We are going to ‘Tredegarise’ you

Can the origins of Britain’s National Health Service be traced to a small town in the Welsh valleys? The first of a two-part piece on health provision in the UK before the NHS looks at whether the Tredegar medical aid scheme was a victim of its own success.

Britain’s National Health Service was introduced as part of the country’s wartime commitment to its people. The National Health Service Act 1946 was passed through a House of Commons packed with Labour MPs, following their landslide victory in 1945. Although the NHS was a creature of the Attlee government, the introduction of some form of universal health provision seemed inevitable regardless of the election results.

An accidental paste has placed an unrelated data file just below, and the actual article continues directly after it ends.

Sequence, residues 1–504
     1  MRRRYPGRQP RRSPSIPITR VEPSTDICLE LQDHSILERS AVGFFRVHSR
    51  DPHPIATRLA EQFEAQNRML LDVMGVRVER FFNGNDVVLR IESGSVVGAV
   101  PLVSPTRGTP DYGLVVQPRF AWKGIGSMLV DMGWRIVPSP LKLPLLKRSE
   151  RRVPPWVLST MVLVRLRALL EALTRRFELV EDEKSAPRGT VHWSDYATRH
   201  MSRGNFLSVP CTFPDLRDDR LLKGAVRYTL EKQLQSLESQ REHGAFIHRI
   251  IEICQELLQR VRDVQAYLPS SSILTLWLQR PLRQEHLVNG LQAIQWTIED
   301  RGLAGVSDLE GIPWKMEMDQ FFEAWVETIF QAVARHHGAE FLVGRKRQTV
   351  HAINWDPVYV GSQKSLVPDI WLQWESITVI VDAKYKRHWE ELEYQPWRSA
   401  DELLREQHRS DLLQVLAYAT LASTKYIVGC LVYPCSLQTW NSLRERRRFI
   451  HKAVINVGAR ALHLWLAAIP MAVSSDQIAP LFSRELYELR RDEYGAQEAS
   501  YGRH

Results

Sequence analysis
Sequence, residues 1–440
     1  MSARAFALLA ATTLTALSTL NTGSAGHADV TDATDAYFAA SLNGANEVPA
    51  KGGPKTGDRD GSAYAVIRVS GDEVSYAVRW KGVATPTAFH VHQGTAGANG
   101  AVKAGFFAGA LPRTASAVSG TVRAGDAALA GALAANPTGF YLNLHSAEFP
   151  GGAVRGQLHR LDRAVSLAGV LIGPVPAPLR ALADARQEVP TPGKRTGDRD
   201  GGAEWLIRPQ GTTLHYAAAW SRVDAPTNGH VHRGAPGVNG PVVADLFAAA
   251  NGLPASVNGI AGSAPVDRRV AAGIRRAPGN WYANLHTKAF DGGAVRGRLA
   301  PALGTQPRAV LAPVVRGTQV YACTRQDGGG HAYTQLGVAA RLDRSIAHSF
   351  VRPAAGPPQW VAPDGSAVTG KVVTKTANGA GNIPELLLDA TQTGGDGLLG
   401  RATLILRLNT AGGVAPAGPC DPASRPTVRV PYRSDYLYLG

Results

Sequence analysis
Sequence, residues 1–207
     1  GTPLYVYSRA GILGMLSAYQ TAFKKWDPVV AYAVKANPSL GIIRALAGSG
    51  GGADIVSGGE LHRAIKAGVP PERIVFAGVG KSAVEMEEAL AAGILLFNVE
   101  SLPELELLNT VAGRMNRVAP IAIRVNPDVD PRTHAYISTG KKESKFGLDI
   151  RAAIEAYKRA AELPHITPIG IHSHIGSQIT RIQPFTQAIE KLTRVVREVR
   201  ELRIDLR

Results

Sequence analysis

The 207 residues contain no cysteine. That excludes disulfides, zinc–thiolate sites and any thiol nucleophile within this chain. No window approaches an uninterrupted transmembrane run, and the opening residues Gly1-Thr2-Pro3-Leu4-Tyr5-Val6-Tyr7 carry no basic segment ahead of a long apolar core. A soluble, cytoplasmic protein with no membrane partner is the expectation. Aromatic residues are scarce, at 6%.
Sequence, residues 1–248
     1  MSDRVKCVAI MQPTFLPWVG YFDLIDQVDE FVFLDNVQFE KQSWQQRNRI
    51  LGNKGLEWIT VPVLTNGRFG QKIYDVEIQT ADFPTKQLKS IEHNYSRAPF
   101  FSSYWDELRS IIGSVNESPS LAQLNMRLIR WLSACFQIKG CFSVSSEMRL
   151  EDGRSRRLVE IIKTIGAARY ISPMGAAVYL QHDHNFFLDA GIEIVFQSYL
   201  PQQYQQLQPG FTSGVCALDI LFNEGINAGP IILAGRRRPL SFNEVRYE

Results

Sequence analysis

The British Medical Association had issued a pamphlet in 1938 entitled “A General Medical Service for the Nation”. The Second World War ushered in a centralised and state-run Emergency Medical Service. The possible slowly crystallised into the inevitable by 1941 when a senior civil servant in the Department of Health could write that there was consensus on:

“a complete health service to be available to every member of the community”.

Continue reading “We are going to ‘Tredegarise’ you”